Discover the work of the innovative industrialist celebrated in the Henry Ford Museum.
The Henry Ford Museum is a manifestation of industrialist Henry Ford's appreciation for Americana, invention and progress. Ford didn't collect art; instead, he collected commonplace items such as farm machinery and toasters. Such a collection was perhaps more fitting for the inventor of the Model T, the first affordable and mass-marketed automobile and an invention that revolutionized American life. Ford was fascinated by progress and innovation and wanted to display it. Ford originally named the museum the Edison Institute, even though it actually displayed the inventions of many people who had altered American life. As of 2009, the museum also contained an open-air, village-style area called the Greenfield Village.
Henry Ford was born on a farm in Dearborn, Michigan, in 1863. By 1891, he was working as an engineer for Edison Illuminating Company. He started the Ford Motor Company in 1903, and introduced the Model T five years later with the goal of creating a mass-market, affordable automobile. The plan worked; within 10 years, more than half of American automobiles were Model Ts. Ford's company became the world's largest automobile manufacturer. Time Magazine named Ford one of the 100 most important people of the 20th century. He did more than just build a car; he pioneered the dealer-franchise setup and revolutionized American business and life. According to a University of Wisconsin history presentation on Ford, other entrepreneurs were only marketing automobiles to the wealthy. Eventually, Ford Motor Company drew competitors in the sale of affordable automobiles, and the company did not maintain its same level of dominance in the market.
The Henry Ford Museum opened in 1929 with great hoopla. The opening ceremony was attended by dignitaries such as Thomas Alva Edison (a mentor of Ford's) and President Herbert Hoover. Edison himself had placed the cornerstone of the new museum into the ground the year before. The museum covered 13 acres; the village covered 81. After Ford died, the museum was renamed the Henry Ford Museum in his honor. However, the Edison Institute is still its registered name.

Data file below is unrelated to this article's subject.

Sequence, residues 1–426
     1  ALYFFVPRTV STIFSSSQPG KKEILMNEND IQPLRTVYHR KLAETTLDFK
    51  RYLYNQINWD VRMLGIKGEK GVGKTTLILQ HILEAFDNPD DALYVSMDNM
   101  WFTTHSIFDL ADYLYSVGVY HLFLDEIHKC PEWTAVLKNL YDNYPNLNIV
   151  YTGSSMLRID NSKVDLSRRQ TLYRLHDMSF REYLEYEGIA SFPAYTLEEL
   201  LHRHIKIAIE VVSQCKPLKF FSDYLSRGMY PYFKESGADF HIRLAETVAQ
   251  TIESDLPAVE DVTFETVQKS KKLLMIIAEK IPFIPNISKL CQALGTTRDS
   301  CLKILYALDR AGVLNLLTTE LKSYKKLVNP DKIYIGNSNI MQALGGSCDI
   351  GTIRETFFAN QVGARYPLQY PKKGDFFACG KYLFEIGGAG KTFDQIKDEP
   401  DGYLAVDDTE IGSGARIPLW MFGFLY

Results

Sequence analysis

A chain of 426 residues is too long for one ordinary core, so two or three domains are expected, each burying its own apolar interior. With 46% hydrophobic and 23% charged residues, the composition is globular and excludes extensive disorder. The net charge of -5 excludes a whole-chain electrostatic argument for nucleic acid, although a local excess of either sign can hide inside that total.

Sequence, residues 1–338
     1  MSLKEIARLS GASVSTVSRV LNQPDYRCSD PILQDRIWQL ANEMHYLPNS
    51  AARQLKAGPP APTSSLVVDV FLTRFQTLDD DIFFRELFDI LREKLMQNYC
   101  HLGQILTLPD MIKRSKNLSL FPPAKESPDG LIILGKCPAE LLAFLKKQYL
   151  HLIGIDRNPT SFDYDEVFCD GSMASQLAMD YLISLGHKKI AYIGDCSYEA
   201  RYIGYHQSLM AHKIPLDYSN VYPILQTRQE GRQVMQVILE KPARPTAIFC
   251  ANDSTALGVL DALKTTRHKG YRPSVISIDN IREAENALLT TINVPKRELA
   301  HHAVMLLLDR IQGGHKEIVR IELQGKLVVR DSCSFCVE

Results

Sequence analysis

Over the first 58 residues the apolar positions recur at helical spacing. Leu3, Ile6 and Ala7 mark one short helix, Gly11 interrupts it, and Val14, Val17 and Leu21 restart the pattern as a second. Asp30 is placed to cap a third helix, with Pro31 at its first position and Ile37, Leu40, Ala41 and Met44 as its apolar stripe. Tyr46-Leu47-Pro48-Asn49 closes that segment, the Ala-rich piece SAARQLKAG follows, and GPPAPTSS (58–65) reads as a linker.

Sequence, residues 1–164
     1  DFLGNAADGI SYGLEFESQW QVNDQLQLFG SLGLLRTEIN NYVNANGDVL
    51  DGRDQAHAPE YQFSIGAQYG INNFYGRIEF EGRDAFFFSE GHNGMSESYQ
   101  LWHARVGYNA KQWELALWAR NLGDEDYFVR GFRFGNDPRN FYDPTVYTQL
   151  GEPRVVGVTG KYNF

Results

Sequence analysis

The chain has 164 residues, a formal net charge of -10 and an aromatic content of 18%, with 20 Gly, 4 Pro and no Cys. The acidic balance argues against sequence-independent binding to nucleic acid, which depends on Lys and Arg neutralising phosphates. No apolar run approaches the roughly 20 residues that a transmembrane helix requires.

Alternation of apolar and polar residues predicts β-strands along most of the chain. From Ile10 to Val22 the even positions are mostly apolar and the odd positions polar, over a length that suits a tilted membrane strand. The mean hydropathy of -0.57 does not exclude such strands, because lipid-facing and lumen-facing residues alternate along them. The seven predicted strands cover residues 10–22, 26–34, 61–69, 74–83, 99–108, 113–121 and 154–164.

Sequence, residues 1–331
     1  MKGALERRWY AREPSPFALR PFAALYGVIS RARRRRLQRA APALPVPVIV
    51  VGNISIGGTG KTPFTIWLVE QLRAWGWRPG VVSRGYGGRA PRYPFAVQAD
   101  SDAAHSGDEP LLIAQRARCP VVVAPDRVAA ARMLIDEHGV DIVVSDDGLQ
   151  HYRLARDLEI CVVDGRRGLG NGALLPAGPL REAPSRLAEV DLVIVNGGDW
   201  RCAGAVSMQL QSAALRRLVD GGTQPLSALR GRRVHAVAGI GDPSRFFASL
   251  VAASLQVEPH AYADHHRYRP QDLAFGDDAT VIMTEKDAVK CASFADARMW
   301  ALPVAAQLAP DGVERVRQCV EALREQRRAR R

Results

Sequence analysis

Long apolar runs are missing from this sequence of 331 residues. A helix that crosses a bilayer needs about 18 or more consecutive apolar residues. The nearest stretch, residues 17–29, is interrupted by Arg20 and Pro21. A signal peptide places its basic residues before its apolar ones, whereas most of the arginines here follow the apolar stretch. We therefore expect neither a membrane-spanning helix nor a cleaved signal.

The Henry Ford Museum possesses one of the most important collections of Americana in the United States. Ford designed the museum to display three areas of American progress: manufacturing, farming and transportation.
As of 2009, exhibits included:
Greenfield Village was itself an innovation, a pioneer model for outside, interactive museum villages. The Greenfield Village contains seven historic districts. In many cases, the buildings in Greenfield Village were real historical buildings that were moved to the current property. The historic districts are:
The Henry Ford Museum is on the national register of historic places. The Greenfield Village also showcases some unique activities. For example, every summer weekend, baseball games are played by 1867 rules, and the site contains an IMAX theater.
The Henry Ford Museum, located in Dearborn, Michigan, is open every day from 9:30 a.m. to 5:00 p.m., including weekends. The museum is closed on Christmas and Thanksgiving. The Greenfield Village portion of the museum is closed from January 1 to April 14. From April 15 to November 2, the Greenfield Village is open the same days and hours as the museum. For information about current exhibits, view Henry Ford Museum's official Web site.